JORJA TABU is Raunchy heretic and writer that dabbles in anything sultry, shiny, sexy, sin-bent or soulful. Her blog and twitter are the best places to catch ramblings about upcoming books, feminism, horror movies, and the many and varied reasons why Canada is sexy.
Getting to Know Jorja Tabu
A&RBC: Can you tell us four words that describe your writing style?
JT: Hmm. Erratic yet truly obsessive.
A&RBC: Do you have a writing process? If yes, briefly explain.
JT: I used to–I needed a quiet, comfortable place that allowed me to just write as much as I felt like it at that given time, and crank out a first draft. I’m one of those weirdos who has full-on conversations with her characters, so I need time and space to let that happen productively. If I’m writing a series I will move ahead to the next part of the work before I go back and draft, because I find that helps with consistency. These days I just try to remember to plug in my lap-top and type in five minute bursts 🙂
A&RBC: Describe your ideal place of escape to write your books.
JT: I love writing with a big cup of iced hibiscus tea (covered of course) at the local library.
A&RBC: What is your favorite genre to read and or write?
JT: My latest book is a novel about Imani Cartwright, a successful film-maker who returns home to discover who murdered her estranged brother, make amends to her family, and reconnect with her first love (who just happens to be the prime suspect). It is a very emotional, epic love story with a suspenseful plot that I hope a lot of people connect with–grief and redemption seem to be things I’m dealing with a lot as I age, and hopefully that will resonate with folks.
A&RBC: Tell us a little about Imani Cartwright.
JT: Imani is an interesting character… She’s not an entirely reliable narrator, because she has a lot of guilt and this makes her very critical of herself. She is brilliant in that way great artists often are, where she can look at an event or person and see exactly how they fit in the overall picture of history–like Octavia Butler, Tom Wolfe, Picasso, Joni Mitchell and Spike Lee, as examples. Very broad vision. She’s also a very noble person, trying hard to do the right thing, although she doesn’t really know that about herself, and she grows a lot during the novel.
A&RBC: What is your favorite thing to do before a book signing?
JT: I’ve never done a book signing! I imagine if I had the opportunity I’d spend a lot of time beforehand hyperventilating into a paper bag 😉
A&RBC: What city would you love to have a book signing or speaking engagement?
JT: Toronto! Montreal! Vancouver! I’ve never been to Canada and I’m totally drawn to it.
A&RBC: What is your favorite drink or beverage?
JT: Tahitian limeade, heavy on the coconut.
A&RBC: Are you a early bird or night owl?
JT: Naturally, I’m very much a night owl, but in a household with young children everybody’s an early bird. You’re just left reminiscing about sleeping in till noon, that’s the closest to night-owldom you get.
A&RBC: If you could collaborate on a book with any author, who would it be and why?
JT: …I’m trying very hard not to jinx a great thing happening right now, where I might be collaborating with one of my heroes–all I should say is look for it next year! And if I could collaborate with absolutely anyone, I’d get my best friend to write a book with me. I’ve been trying to emotionally blackmail her into it for years, and I think it might actually come down to actual kidnapping. I’m pretty sure it’s her turn to be kidnapped anyway 😉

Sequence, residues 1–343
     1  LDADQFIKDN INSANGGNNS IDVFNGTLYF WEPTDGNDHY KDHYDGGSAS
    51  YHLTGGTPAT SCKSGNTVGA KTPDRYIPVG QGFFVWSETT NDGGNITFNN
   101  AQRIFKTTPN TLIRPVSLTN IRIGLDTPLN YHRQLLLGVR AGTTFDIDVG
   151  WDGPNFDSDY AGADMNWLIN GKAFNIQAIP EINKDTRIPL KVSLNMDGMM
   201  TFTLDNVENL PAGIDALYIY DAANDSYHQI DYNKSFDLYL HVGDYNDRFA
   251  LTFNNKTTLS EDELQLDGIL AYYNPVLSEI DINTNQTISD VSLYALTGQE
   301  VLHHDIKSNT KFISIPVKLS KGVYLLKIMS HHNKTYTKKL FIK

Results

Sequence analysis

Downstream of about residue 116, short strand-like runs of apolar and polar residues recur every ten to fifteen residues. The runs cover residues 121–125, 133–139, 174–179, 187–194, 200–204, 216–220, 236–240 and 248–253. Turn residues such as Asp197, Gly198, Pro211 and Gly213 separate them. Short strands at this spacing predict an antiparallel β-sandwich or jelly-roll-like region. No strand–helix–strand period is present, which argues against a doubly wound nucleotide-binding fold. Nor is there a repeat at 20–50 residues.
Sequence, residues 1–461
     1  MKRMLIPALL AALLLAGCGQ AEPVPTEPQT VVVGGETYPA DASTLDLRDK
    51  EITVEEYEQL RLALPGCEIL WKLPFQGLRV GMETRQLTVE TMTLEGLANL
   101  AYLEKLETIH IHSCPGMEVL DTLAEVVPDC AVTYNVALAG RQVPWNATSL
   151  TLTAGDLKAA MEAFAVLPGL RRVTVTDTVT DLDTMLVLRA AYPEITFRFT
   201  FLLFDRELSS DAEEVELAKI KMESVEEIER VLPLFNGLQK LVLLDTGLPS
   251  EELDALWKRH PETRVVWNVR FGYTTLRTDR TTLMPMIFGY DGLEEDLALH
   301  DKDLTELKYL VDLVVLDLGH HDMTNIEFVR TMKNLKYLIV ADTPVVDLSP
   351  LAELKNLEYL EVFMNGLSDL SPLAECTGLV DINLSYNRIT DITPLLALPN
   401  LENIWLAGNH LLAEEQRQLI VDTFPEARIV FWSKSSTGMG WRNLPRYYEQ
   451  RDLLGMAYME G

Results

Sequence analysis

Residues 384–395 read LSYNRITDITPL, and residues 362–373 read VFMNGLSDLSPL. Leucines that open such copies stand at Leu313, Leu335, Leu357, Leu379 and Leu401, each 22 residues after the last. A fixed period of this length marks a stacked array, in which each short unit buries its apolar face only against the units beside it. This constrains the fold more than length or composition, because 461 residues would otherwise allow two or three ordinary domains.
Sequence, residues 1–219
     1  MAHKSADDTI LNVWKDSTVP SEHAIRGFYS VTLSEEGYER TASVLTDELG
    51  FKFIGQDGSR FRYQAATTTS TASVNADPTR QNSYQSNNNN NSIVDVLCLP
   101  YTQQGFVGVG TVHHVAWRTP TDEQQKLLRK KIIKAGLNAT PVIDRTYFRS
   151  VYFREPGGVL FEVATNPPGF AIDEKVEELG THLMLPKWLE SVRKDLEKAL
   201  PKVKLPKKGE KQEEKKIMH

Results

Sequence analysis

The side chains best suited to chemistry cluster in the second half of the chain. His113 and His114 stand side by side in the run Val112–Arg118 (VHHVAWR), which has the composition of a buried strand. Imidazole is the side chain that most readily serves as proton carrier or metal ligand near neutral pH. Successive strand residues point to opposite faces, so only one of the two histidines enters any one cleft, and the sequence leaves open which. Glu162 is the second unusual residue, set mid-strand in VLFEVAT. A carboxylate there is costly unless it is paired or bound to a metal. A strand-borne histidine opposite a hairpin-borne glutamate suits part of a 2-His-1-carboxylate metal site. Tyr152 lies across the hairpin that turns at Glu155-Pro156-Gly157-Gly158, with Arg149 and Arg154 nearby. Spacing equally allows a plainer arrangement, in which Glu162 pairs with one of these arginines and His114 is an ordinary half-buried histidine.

A&RBC: What is one thing you do to show appreciation for your readers?
JT: The most important thing I try to do for readers is only publish books I would read myself. From top to bottom, from the actual story to the presentation. I’m primarily a reader, in a lot of ways, at this point–I am a big reader in the genre I write in, and I want to make sure my work is at the absolute top of its game. It’s the least you owe someone who took a chance on you.
A&RBC: What advice would you give your younger self?
JT: Forgive yourself, honey. And forgive everybody else while you’re at it.
A&RBC: What is one thing you would change about your life?
JT: I would’ve chosen a different career–I work in the medical/health setting and the level of stress and disappointment is really difficult to manage emotionally.
A&RBC: What is your motto for life and career?
JT: To thine own self be true–it’s a really difficult one to actually live by, but a great goal to keep in mind.
About The Book
Imani Cartwright left the rough world of her childhood in Virginia almost a decade ago. Among the broken pieces she abandoned were her best friend, Monica, and the ruined young man that swore he would love her forever, Roman O’Malley. Her brother, Tyreke, a passionate advocate who turns to the UFC to save their neighborhood, can’t forgive her for leaving.
She hasn’t spoken to anyone back home but her mother for over a year when the phone finally rings, and suddenly the rift between the past and her new life has grown too wide for anyone to cross… But Death.
When her brother is murdered Imani has no one but old friends and enemies to turn to. Did Roman O’Malley, UFC Prize-Fighter and her brother’s former best friend, kill Tyreke? What happened to Monica, the sweet young girl who was Imani’s best friend? And if they’re innocent, then who killed Ty?
A Galaxy of Scars spans a decade, an epic love, and contains rough language and adult sexuality and situations. It is meant for mature audiences.